Did Florida prohibit environmental workers from saying 'climate change'?

According to an investigative report, workers for Florida's Department of Environmental Protection have been barred from using the term 'climate change' in official research.

Wilfredo Lee/FILE/AP
FILE PHOTO- Florida Gov. Rick Scott speaks to members of the media on July 16, 2014 before a bill signing in Key Biscayne, Fla. The Florida Center for Investigative Reporting released a story claiming officials inside the Department for Environmental Protection are barred from mentioning the phrase "climate change" in their official reports or inter-agency communications.

According to an investigative report, workers for Florida's Department of Environmental Protection are not allowed to use the term "climate change" or '"global warming."

The Florida Center for Investigative Reporting found that, since Gov. Rick Scott took office in 2011, directives from the top of the department, which has has 3,000 employees and a $1.4 billion budget, have prohibited employees from using the term "climate change" in all official communications, emails, or reports.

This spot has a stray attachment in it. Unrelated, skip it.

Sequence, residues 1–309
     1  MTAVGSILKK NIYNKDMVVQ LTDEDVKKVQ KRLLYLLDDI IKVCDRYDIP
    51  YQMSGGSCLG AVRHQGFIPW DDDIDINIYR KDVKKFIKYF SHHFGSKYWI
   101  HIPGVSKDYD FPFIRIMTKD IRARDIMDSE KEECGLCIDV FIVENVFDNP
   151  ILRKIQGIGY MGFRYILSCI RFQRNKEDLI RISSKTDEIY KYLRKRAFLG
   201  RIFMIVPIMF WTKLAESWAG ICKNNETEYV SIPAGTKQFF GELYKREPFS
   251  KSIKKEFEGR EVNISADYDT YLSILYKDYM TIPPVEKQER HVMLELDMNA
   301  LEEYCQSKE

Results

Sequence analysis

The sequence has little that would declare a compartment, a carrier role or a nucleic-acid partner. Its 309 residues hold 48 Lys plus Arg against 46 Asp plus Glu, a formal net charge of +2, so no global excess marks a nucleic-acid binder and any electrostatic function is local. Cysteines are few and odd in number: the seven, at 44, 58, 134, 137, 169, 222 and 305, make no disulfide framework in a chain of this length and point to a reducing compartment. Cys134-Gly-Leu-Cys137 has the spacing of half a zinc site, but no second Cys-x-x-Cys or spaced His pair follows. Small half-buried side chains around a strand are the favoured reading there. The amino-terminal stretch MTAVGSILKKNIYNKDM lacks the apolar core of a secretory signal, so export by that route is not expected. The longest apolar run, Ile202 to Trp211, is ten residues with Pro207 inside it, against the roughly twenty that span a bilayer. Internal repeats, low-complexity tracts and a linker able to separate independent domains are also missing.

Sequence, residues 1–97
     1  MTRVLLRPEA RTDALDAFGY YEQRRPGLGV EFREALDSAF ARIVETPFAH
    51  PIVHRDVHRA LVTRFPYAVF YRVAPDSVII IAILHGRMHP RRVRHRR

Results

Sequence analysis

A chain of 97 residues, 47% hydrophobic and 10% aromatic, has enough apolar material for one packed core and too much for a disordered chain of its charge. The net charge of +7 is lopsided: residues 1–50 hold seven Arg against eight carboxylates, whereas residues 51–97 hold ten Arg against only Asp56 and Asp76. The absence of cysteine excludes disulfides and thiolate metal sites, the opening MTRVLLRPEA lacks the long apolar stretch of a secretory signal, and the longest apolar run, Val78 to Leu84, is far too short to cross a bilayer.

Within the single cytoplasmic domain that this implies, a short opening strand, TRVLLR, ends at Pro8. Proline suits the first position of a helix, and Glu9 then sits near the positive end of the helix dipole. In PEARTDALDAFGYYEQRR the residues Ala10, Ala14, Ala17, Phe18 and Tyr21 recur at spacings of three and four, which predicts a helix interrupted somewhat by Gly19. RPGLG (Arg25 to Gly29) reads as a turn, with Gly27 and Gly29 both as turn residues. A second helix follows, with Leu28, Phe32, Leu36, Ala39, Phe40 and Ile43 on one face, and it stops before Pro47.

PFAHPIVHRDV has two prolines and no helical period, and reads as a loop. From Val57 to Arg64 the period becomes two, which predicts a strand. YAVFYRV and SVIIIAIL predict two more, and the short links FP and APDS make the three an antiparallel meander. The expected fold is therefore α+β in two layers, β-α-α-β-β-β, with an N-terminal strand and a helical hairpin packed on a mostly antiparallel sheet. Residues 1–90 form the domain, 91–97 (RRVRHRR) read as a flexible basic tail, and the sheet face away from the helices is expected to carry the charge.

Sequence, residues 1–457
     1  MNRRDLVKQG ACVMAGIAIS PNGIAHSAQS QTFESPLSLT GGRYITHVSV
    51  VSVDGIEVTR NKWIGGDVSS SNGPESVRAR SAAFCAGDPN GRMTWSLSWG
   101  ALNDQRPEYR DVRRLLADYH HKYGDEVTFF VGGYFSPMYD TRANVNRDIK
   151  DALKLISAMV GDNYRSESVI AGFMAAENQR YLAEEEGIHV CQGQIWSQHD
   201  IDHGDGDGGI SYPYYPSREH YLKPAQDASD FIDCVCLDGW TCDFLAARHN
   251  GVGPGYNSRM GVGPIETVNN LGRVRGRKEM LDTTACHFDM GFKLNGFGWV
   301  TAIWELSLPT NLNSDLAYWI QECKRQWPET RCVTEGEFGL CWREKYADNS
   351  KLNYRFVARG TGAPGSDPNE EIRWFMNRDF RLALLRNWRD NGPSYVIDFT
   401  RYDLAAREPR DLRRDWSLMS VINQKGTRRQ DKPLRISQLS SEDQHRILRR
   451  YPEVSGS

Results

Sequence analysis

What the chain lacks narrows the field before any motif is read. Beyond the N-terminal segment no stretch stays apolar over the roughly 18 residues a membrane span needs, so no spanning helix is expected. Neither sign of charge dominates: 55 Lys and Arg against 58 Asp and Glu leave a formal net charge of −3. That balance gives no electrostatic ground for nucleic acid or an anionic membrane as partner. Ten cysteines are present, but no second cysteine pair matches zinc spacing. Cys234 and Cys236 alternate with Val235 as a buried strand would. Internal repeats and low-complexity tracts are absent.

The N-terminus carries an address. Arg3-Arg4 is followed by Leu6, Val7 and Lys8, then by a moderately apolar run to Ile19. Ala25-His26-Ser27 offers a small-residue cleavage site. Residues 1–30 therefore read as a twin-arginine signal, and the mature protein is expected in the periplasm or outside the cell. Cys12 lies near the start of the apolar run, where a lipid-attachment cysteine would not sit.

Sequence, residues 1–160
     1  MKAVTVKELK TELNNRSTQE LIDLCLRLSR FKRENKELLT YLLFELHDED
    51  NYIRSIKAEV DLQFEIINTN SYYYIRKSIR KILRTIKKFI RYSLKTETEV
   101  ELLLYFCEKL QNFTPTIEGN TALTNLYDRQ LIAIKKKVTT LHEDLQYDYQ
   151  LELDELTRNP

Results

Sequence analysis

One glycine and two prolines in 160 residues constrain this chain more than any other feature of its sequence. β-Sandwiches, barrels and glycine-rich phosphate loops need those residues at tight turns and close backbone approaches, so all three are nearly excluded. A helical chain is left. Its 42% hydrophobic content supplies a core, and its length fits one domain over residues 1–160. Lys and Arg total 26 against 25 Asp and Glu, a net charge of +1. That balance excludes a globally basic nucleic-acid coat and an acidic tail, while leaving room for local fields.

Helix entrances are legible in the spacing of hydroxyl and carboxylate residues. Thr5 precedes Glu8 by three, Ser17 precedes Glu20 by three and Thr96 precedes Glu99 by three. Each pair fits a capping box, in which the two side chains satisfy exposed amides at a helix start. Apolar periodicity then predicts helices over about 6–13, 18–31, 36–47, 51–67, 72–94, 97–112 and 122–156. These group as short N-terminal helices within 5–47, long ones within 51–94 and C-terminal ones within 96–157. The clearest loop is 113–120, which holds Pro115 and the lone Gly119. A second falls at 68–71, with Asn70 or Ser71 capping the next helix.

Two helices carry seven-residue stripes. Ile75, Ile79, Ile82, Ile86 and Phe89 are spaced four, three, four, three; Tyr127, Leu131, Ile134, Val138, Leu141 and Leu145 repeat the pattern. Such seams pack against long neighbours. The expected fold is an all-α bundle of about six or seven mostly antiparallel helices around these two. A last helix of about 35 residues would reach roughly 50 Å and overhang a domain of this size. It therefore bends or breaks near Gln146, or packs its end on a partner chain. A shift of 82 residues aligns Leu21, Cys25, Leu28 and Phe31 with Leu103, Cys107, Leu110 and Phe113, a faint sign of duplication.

“We were told not to use the terms ‘climate change,’ ‘global warming’ or ‘sustainability,’” Christopher Byrd, an attorney with the Department of Environmental Protection’s Office of General Counsel in Tallahassee from 2008 to 2013, told the Florida Center for Investigative Reporting. “That message was communicated to me and my colleagues by our superiors in the Office of General Counsel.”

The report comes at a time when the environmental stakes have never been higher for the Sunshine State. Nearly 2.4 million people live in low-lying coastal areas in Florida within four feet of a high tide line, notes climate scientist Ben Strauss on the independent climate research group ClimateCentral.

A report by Florida Atlantic University estimated that even a six inch sea level rise in the next two decades would have catastrophic consequences on South Florida's ability to handle storm surges. Many coastal areas around the US are expected to see storm surges exceeding four feet past high tide lines by 2030, and five feet by 2050, according a study by Dr. Strauss and his colleagues.

A separate study by Strauss found that five million Americans live less than four feet above a high tide line, and six million live less than five feet above a high tide line.

“It’s an indication that the political leadership in the state of Florida is not willing to address these issues and face the music when it comes to the challenges that climate change presents,” Mr. Byrd told the Florida Center for Investigative Reporting.

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